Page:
~ Be careful about getting caught up in the trappings of success. Your new privileges can be fun, but they can also distract you from the work that got you there in the first place. Again, remember what matters to you. Sure, enjoy your success, but keep one foot on the ground.

~ Stay in touch with what you love about your work, so as success waxes and wanes, you still get and retain the gratification. The thrill of success is fleeting. Connect with the joy you get from your work, rather than getting addicted to the high of fame and feeling pressured to keep it up. Also, stay in touch with your artistic vision, however it evolves. The adoration of your public can be compelling, and it can be easy to stray from your own vision to please them. There's nothing wrong with responding to your fans, but be sure that it's aligned with what you want for yourself and that you're not compromising your values or integrity.

~ Create a solid foundation for yourself, both emotionally and financially. Success can challenge your creativity, your privacy and even your morality. You may receive some extremely tempting offers that ask you to compromise your principles. When you have a good emotional support system and financial assets, you give yourself the freedom to make choices from a solid, grounded place, rather than selling out because you need the money or emotional gratification.

~ Be prepared for the negatives. Take your reviews and criticisms in stride, and don't give them more weight than they deserve. If there's a criticism you feel is valid, then take it into account. But keep in mind that both positive and negative reviews are simply opinions, and people love to express them freely and, often, carelessly. You're still the ultimate authority on your work. Remember that many accomplished artists had visions that were controversial in their time.

~ Stay humble. Your talents are a gift given to you to share with the world. Be proud of them, enjoy them, but stay grounded. It can become very seductive for the part of us that loves power to see others as inferior. Even as a small press owner, I found that some writers began treating me deferentially, and it would have been very easy to treat them as "underlings." Remember to be grateful for all that comes to you, and when the time is right, give back to your audience and to those coming up in your field who can benefit from your experience.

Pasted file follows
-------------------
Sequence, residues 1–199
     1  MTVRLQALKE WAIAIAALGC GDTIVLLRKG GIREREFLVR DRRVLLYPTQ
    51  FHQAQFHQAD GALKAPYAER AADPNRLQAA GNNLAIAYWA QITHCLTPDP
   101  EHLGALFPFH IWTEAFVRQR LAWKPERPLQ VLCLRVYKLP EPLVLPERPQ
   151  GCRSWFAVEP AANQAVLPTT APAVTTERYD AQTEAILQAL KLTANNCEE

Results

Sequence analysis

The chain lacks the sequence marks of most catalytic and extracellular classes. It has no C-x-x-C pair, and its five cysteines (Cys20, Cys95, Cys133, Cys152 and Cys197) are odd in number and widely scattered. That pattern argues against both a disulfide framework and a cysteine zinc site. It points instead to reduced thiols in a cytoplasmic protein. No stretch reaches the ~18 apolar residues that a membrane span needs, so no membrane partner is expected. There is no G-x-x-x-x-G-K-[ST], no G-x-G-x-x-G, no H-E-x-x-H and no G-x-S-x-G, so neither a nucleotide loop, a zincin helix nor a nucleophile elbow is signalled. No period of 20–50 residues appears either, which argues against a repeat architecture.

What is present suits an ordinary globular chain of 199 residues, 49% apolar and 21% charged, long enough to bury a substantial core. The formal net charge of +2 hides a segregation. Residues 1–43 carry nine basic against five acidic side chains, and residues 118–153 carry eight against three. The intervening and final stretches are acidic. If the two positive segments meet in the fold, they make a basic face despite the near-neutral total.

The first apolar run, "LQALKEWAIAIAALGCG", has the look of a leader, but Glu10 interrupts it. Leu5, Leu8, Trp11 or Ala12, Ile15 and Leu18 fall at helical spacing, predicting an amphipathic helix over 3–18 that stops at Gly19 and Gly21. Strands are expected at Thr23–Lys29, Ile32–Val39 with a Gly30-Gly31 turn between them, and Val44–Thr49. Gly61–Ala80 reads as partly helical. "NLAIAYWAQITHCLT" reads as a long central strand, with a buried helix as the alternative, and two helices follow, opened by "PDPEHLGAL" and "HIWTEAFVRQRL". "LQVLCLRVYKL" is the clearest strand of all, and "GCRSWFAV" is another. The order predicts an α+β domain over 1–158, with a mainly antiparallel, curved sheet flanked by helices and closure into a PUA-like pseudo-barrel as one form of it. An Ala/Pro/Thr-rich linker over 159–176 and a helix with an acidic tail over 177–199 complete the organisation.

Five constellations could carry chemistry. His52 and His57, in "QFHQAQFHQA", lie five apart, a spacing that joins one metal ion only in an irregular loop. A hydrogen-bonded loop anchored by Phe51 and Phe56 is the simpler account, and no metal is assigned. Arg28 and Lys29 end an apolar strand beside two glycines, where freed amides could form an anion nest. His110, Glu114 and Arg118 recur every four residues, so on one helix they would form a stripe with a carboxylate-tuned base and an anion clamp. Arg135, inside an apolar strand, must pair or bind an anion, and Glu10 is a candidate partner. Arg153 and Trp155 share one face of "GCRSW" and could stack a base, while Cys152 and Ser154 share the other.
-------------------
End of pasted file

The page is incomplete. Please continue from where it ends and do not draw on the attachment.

~ With fame comes power, and with power comes responsibility. Whether you like it or not, your image and behavior become a model for your fans, some of whom may be kids. You can wield your power for the greater good. Many celebrities have used their visibility to start or become a spokesperson for a charity, or to support a political candidate or cause they believe in.

~ If you know someone who has achieved a level of celebrity, be compassionate and trustworthy. You may feel jealous, but remember that fame doesn't erase personal challenges, and your friend may need your support more than ever. You'll want the same compassion and trust when you reach their position.

So, if you're fortunate enough to find success and fame, enjoy it and make the most of it. There's no question that it will change you, as any life experience does, but you can choose how you will change. You can continue to live and make choices from your values and principles, rather than being tossed about by the temptations. Remember why you chose to do your work in the first place, and stay in touch with your love for it. Be prepared for the pitfalls, and you'll enjoy the ride that much more!

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Creative Tip

Prepare for success by choosing the image you want to convey, and begin dressing and behaving in a way that supports the successful image you see for yourself. Act "as if" you're already there, and other people will also start to see you as the successful person you intend to be.

 

Wise Words

"Our dreams, goals, and ideas come from our values. . . If what we are doing does not come from what we care about most in life, it is meaningless."

~ G. Lynne Snead, Joyce Wycoff

"What we must decide is how we are valuable rather than how valuable we are."

~ Edgar Z. Friedenberg

"It took me fifteen years to discover I had no talent for writing, but I couldn't give it up because by that time I was too famous."

~ Robert Benchley


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Bookshelf

(click on the book graphic to see a description at Amazon.com)

Power, Money, Fame, Sex: A User's Guide . . . Gretchen Craft Rubin

The Frenzy of Renown: Fame and Its History . . . Leo Braudy

What Price Fame? . . . Tyler Cowen

High Visibility: The Making and Marketing of Professionals into Celebrities . . . Irving J. Rein, Philip Kotler, Martin Stoller

Celebrity and Power: Fame in Contemporary Culture . . . P. David Marshall

Claims to Fame: Celebrity in Contemporary America . . . Joshua Gamson

A Massive Swelling: Celebrity Re-Examined as a Grotesque, Crippling Disease and Other Cultural Revelations . . . Cintra Wilson

Illusions of Immortality: A Psychology of Fame and Celebrity . . . David Giles

 

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© 2001 Sharon Good. All rights reserved.